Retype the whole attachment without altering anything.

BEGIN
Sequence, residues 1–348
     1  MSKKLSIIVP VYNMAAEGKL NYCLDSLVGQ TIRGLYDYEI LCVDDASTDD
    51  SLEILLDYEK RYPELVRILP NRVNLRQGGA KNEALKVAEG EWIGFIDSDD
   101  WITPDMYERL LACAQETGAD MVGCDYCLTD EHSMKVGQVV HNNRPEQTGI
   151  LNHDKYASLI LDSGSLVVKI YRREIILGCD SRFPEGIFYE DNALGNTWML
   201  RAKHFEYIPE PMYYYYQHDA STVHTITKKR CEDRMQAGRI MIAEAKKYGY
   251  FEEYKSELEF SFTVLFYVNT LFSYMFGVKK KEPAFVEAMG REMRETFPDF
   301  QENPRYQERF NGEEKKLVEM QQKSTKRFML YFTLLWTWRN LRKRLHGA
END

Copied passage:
Sequence, residues 1–348
     1  MSKKLSIIVP VYNMAAEGKL NYCLDSLVGQ TIRGLYDYEI LCVDDASTDD
    51  SLEILLDYEK RYPELVRILP NRVNLRQGGA KNEALKVAEG EWIGFIDSDD
   101  WITPDMYERL LACAQETGAD MVGCDYCLTD EHSMKVGQVV HNNRPEQTGI
   151  LNHDKYASLI LDSGSLVVKI YRREIILGCD SRFPEGIFYE DNALGNTWML
   201  RAKHFEYIPE PMYYYYQHDA STVHTITKKR CEDRMQAGRI MIAEAKKYGY
   251  FEEYKSELEF SFTVLFYVNT LFSYMFGVKK KEPAFVEAMG REMRETFPDF
   301  QENPRYQERF NGEEKKLVEM QQKSTKRFML YFTLLWTWRN LRKRLHGA